“One by one,” said Governor Davidson in a 1909 address to the Wisconsin Legislature, “all the places of scenic beauty, and historical interest, are passing away. Before it is too late, it is well to pause and consider whether it is not befitting that some of them be preserved for all time as state parks…Once destroyed, they can never be restored. I, therefore, recommend that action be taken, before it is too late, to the end that one or more places be set aside as state parks for the use in common, of the people now living, and as a heritage from them to future generations.”
And in 1909 the Wisconsin Legislature responded to the call and established Peninsula State Park. A century later, this landscape still beckons families and nature enthusiasts, and on June 7, the park celebrates a century of stewardship with a host of free programs and activities.
The official centennial dedication begins at 1 pm at the park amphitheater (where American Folklore Theatre performs) near Nicolet Beach. American Legion Billy Weiss Post 527 will raise the flag, accompanied by bugler Austin Boncher. Special friends of Peninsula State Park will be introduced, including 98-year-old Ruth Doolittle, the only surviving child of A.E. Doolittle, Peninsula State Park’s first superintendent.
The dedication will feature the unveiling of an original painting by renowned Door County artist Dave Hackett commemorating 100 years of memories at the park. The pen and ink watercolor painting features Hackett’s unique “montage style” which merges historic Peninsula images and key species into one composition. Limited edition prints will be available for $25, with proceeds benefitting Friends of Peninsula State Park, a volunteer group dedicated to supporting the park through education, financial support, and trail stewardship. Hackett will be on hand to present and sign prints.
Light refreshments will be available and music from the 1910 Newtonburg Brass Band will follow the dedication. Thirteen musicians in period costume will play music from the time when Peninsula State Park was first established.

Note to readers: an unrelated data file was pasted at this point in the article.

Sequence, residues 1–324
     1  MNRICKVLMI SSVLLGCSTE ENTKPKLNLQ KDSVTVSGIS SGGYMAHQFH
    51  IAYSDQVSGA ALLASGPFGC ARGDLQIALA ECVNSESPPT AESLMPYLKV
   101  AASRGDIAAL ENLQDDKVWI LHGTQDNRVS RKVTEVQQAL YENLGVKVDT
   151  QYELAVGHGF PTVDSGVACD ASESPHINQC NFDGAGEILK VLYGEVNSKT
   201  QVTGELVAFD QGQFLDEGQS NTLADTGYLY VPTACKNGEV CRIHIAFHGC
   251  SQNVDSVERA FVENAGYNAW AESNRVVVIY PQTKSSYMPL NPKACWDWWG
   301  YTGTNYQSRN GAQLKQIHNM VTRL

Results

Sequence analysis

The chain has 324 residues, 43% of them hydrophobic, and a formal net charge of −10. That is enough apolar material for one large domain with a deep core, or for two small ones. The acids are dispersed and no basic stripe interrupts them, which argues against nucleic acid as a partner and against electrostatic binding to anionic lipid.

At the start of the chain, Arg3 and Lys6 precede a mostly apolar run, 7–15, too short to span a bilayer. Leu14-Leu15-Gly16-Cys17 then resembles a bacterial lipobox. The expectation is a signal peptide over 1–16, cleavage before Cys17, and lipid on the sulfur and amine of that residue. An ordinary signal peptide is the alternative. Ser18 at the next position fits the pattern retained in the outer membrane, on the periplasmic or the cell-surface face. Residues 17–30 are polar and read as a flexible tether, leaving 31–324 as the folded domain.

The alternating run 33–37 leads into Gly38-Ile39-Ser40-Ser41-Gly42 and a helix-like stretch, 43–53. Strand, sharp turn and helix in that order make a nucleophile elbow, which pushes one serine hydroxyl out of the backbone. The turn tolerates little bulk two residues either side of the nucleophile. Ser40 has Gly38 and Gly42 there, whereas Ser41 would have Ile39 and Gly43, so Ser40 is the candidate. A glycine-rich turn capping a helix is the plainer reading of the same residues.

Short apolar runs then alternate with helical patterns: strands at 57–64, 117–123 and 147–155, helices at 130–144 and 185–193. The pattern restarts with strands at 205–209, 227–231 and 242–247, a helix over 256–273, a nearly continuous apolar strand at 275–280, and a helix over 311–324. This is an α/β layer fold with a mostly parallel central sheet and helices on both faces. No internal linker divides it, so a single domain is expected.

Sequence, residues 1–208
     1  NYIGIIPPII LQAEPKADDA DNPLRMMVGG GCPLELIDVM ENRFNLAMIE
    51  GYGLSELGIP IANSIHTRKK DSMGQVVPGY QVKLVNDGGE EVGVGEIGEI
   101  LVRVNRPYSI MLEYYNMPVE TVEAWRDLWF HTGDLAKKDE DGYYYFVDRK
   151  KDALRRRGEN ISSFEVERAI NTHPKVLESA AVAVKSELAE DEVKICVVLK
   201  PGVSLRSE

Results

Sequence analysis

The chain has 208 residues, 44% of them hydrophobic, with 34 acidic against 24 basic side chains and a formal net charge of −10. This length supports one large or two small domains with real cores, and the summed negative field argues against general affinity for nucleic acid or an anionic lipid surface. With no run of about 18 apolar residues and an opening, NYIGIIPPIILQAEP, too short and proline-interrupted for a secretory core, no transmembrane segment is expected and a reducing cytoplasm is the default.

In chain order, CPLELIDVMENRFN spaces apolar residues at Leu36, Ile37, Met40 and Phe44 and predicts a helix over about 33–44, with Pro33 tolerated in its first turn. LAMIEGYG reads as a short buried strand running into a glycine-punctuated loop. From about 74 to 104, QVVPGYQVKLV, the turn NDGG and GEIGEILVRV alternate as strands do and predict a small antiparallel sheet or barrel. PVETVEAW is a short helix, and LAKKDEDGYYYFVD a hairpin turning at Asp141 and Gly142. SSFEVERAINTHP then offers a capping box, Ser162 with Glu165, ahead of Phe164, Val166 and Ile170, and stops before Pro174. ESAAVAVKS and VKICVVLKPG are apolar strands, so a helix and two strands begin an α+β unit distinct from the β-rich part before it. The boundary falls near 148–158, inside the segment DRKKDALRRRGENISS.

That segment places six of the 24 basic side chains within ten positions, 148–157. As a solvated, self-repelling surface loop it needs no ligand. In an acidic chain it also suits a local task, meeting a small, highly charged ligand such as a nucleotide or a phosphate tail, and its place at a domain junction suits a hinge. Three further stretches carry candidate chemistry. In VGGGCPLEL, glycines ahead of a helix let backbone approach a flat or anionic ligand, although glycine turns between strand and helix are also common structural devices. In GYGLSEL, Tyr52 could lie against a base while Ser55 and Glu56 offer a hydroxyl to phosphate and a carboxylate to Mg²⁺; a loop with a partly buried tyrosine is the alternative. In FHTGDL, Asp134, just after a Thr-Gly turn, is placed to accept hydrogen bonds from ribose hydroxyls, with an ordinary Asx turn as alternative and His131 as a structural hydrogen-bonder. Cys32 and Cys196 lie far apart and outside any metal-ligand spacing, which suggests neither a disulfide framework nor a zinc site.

The dedication is slated to coincide with Wisconsin State Parks Open House Day, so a park vehicle sticker is not required to attend.
Fish Creek Postmaster Victoria Foxworthy will also be at the park, staffing a temporary Post Office station near the amphitheater. The centennial pictorial postmark is a once-in-a-lifetime opportunity. In addition to the stamps, postcards will be available for purchase.
Those who cannot attend the June 7 event but wish to obtain the postmark may submit a mail order request. Affix stamps to any envelope or postcard, address the envelope or postcard, insert a card of postcard thickness in the envelopes for sturdiness, and tuck in the flap. Place the envelope or postcard in a larger envelope and address it to: Pictorial Postmarks, Town of Gibraltar Centennial Station, Fish Creek, WI 54212-9998.
An array of other activities will be taking place as Peninsula State Park’s Centennial Celebration commemorates the special significance the park has served for generations of residents and visitors, but it also celebrates those memories yet to be made. The sale of commemorative souvenirs like Hackett’s print, the Centennial Reader ($5), patches ($6), and mugs ($10) has helped pay for this event and will help preserve the park for the next century.
For additional information visit http://www.peninsulafriends.org/100 or call 920.854.5976.